20 May 2017

Data Management: Data Scrubbing (Definitions)

"The process of making data consistent, either manually, or automatically using programs." (Microsoft Corporation, "Microsoft SQL Server 7.0 System Administration Training Kit", 1999)

Processing data to remove or repair inconsistencies." (Rod Stephens, "Beginning Database Design Solutions", 2008)

"The process of building a data warehouse out of data coming from multiple online transaction processing (OLTP) systems." (Microsoft, "SQL Server 2012 Glossary", 2012)

"A term that is very similar to data deidentification and is sometimes used improperly as a synonym for data deidentification. Data scrubbing refers to the removal, from data records, of identifying information (i.e., information linking the record to an individual) plus any other information that is considered unwanted. This may include any personal, sensitive, or private information contained in a record, any incriminating or otherwise objectionable language contained in a record, and any information irrelevant to the purpose served by the record." (Jules H Berman, "Principles of Big Data: Preparing, Sharing, and Analyzing Complex Information", 2013)

"The process of removing corrupt, redundant, and inaccurate data in the data governance process. (Robert F Smallwood, Information Governance: Concepts, Strategies, and Best Practices, 2014)

"Data Cleansing (or Data Scrubbing) is the action of identifying and then removing or amending any data within a database that is: incorrect, incomplete, duplicated." (experian) [source]

"Data cleansing, or data scrubbing, is the process of detecting and correcting or removing inaccurate data or records from a database. It may also involve correcting or removing improperly formatted or duplicate data or records. Such data removed in this process is often referred to as 'dirty data'. Data cleansing is an essential task for preserving data quality." (Teradata) [source]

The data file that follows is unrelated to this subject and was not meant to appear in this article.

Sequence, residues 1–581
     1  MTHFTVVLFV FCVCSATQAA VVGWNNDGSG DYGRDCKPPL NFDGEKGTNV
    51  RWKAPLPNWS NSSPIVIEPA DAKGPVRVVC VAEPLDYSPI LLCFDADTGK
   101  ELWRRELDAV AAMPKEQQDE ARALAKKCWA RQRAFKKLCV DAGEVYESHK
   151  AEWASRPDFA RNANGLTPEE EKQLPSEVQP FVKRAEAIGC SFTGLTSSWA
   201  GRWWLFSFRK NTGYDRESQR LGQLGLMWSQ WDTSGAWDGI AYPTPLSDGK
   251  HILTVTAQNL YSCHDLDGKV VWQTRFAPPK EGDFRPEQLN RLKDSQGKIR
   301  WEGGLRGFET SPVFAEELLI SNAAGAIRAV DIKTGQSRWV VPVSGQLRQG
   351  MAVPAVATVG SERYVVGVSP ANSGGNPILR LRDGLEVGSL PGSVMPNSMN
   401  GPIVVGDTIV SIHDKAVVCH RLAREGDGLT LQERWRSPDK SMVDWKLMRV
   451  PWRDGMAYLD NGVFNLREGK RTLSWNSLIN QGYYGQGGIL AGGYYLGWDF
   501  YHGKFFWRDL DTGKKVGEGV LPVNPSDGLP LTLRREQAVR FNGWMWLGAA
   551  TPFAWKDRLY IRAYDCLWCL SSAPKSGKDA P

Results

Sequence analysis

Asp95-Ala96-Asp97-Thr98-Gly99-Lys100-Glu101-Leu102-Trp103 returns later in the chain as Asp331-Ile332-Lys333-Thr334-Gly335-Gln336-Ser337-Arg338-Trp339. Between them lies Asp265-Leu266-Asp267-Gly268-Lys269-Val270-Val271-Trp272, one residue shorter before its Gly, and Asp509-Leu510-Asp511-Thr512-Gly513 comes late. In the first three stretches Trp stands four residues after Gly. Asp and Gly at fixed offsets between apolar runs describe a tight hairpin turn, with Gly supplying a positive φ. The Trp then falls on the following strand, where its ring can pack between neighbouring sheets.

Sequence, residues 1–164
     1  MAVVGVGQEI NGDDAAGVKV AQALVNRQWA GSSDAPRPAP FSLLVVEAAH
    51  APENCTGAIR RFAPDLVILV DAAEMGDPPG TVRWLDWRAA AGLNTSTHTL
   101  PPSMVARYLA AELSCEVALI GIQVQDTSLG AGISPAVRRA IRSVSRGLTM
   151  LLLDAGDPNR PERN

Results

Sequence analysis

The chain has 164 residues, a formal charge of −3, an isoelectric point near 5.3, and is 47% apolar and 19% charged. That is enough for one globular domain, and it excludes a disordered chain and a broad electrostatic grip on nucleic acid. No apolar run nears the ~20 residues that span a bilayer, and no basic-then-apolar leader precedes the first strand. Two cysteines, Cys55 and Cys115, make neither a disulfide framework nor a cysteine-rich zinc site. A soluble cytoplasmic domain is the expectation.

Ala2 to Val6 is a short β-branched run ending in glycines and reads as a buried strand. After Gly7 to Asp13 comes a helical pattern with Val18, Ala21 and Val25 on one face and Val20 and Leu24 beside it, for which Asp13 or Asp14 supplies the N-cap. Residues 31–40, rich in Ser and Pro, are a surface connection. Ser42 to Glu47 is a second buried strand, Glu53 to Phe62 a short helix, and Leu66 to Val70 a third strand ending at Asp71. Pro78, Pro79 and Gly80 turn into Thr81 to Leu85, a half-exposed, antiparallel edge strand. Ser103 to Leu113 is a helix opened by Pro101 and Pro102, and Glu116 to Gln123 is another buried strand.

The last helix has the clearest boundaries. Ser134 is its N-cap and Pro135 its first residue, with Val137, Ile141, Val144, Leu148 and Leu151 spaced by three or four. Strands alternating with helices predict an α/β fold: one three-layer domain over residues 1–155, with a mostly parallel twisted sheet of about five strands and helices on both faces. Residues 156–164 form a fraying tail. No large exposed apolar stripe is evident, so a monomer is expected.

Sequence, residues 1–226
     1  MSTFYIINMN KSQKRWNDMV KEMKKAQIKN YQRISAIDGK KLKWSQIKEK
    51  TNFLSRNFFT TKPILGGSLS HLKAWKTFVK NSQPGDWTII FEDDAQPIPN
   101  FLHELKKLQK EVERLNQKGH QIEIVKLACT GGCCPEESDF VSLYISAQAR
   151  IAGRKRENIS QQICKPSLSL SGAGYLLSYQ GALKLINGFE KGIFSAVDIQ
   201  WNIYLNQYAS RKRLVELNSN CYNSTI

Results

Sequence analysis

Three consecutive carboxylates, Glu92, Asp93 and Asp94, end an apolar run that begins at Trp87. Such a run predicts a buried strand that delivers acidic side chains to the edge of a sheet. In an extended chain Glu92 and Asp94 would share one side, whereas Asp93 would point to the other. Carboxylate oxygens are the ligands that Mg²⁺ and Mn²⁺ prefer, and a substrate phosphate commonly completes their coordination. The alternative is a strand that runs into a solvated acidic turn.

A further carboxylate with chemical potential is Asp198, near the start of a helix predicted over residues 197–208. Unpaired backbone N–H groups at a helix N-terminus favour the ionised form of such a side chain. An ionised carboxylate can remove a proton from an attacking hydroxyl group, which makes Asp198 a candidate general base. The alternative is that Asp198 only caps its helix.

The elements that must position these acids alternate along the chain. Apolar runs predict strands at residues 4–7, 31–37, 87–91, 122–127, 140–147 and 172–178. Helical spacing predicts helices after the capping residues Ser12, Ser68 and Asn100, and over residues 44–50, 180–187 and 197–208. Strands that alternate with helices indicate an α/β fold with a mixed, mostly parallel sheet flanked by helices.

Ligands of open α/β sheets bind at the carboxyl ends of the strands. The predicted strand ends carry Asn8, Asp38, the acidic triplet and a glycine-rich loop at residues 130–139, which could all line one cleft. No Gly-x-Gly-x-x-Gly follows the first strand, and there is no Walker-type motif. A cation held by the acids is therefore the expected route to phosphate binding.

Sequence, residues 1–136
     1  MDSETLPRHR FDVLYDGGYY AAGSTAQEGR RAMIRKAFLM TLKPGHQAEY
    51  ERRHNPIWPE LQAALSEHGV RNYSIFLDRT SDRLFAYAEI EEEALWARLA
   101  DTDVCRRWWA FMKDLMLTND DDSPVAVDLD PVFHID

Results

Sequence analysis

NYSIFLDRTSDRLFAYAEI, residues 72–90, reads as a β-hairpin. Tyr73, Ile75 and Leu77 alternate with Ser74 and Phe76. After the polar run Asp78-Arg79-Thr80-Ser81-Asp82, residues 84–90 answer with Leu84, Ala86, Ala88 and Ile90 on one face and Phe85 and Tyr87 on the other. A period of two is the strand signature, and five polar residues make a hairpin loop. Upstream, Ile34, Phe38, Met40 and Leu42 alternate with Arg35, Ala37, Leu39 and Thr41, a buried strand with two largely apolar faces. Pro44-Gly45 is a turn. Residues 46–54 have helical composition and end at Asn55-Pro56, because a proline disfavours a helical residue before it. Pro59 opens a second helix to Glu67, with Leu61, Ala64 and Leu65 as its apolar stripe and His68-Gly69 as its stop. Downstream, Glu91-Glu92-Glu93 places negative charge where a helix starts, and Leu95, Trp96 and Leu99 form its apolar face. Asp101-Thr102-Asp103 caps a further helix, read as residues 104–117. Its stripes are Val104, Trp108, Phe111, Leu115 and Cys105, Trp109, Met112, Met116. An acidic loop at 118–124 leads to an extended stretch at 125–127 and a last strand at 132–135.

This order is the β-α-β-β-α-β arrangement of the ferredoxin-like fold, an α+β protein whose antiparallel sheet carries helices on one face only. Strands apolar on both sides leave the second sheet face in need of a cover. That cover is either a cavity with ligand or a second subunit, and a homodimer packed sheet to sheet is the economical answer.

"Data scrubbing, also called data cleansing, is the process of amending or removing data in a database that is incorrect, incomplete, improperly formatted, or duplicated." (Techtarget) [source]

"Part of the process of building a data warehouse out of data coming from multiple online transaction processing (OLTP) systems." (Microsoft Technet)

"The process of filtering, merging, decoding, and translating source data to create validated data for the data warehouse." (Information Management)

05 May 2017

Data Management: Data Steward (Definitions)

"A person with responsibility to improve the accuracy, reliability, and security of an organization’s data; also works with various groups to clearly define and standardize data." (Margaret Y Chu, "Blissful Data ", 2004)

"Critical players in data governance councils. Comfortable with technology and business problems, data stewards seek to speak up for their business units when an organization-wide decision will not work for that business unit. Yet they are not turf protectors, instead seeking solutions that will work across an organization. Data stewards are responsible for communication between the business users and the IT community." (Tony Fisher, "The Data Asset", 2009)